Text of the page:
This is another area that can mean the difference between winning and losing in the market. When you initiate a position, you do so with a relatively small position relative to how much of it you eventually would like to own. This serves the purpose of limiting losses on a dollar basis in the event you are wrong at the onset of the position. If the stock performs as you expected, you buy more. Once the position is 50% of the desired amount of stock you want, you begin to employ a strategy called pyramiding, meaning you buy additional smaller lots every time the stock acts well, or shows off its relative strength. The definition of acting well could mean many things, and can be quite subjective. All the time though, you are creeping up your stop on the entire position to retain profits on the successful lots and limit losses on the additional, smaller lots purchased.
The only time you should have a position in your account that is large relative to your other holdings is after that stock has performed well again, and again, and again. In essence, that position is now a keeper, and it has earned its place in your portfolio. You are putting more capital into positions that have proved they can make you money.
When exiting a position, you can sell all at once netting a full substantial profit, or you can sell half, or a 3rd of the position, giving a little more flexibility in your account management. Ex: you want to own $100,000 worth of AAPL. So you start out by buying $20-$25K worth with a very tight stop in case you are wrong, limiting your loss somewhere between $500 or $1,000. If the stock advances strongly, increase your position gradually and raise your stop somewhere near breakeven. After that, if it continues to advance, continue to buy lots of decreasing size until you have achieved your desired position. This ensures that after the purchase of the 1st lot, your percentage gain on the entire position is never reduced by more than 50%.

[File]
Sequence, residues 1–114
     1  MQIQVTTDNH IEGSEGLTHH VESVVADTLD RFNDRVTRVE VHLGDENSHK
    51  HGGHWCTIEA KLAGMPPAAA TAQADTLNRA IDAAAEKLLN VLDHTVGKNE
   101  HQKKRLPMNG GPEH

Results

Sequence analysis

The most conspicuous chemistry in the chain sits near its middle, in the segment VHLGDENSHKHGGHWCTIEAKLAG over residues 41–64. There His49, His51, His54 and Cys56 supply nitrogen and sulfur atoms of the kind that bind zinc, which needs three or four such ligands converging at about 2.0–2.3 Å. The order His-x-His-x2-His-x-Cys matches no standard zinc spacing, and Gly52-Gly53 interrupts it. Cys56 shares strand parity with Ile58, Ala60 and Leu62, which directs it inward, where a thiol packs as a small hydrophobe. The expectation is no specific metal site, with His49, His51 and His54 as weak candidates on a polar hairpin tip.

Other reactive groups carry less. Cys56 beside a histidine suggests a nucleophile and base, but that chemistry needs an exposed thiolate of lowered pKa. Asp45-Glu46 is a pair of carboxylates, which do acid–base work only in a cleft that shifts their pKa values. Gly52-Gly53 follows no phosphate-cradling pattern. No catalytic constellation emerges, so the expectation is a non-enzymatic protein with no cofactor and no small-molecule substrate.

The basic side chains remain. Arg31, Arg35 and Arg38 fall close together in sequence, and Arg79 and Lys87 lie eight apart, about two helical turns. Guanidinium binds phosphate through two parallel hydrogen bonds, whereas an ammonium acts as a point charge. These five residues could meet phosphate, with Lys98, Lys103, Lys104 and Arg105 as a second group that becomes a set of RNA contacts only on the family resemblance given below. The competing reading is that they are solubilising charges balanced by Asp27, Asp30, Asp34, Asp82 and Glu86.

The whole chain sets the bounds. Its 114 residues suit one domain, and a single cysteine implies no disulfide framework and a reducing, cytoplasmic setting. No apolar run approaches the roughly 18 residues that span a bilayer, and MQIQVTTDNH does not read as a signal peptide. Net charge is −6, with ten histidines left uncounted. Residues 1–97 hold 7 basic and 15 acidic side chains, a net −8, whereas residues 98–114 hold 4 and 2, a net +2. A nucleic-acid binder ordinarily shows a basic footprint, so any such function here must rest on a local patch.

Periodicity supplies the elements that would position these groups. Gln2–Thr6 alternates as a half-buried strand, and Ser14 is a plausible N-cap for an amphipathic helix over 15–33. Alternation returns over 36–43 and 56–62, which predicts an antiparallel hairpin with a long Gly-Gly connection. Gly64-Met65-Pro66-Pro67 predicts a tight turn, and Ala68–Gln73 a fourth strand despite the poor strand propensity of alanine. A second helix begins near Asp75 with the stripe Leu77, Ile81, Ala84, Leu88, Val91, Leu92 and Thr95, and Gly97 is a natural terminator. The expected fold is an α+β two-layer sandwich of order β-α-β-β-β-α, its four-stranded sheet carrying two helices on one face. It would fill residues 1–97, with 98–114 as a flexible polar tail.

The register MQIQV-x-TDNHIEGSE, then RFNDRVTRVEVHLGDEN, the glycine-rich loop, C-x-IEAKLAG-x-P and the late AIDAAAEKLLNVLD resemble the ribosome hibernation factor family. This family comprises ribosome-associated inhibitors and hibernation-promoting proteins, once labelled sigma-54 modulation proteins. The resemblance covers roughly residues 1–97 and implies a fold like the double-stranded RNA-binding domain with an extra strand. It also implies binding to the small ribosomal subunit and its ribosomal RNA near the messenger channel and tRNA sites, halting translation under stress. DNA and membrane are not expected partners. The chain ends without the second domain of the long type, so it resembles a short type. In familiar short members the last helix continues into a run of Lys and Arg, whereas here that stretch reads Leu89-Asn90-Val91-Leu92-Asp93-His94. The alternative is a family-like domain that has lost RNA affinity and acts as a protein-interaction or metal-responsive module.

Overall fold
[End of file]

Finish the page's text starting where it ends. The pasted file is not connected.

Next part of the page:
If you have been able to build a full position, this means without a doubt that you were right in your analysis and you can feel confident in holding this position for extended gains as it has proved its worth. Perhaps relax your stop a bit to account for normal corrections, after all, nothing ever goes straight up; but at no point allow the position to erode hard-earned gains away on you, and never let a profitable position turn to a loss. That’s the height of stupidity. Circumstances like this I consider non-existent or negligent account management. You would think, given words like that, that a beaten-down investor would have some kind of recourse in the retail world. But no, they’ve signed away all their rights (save for a dog-and-pony arbitration) in the original account agreement.
RM ~Feb 2011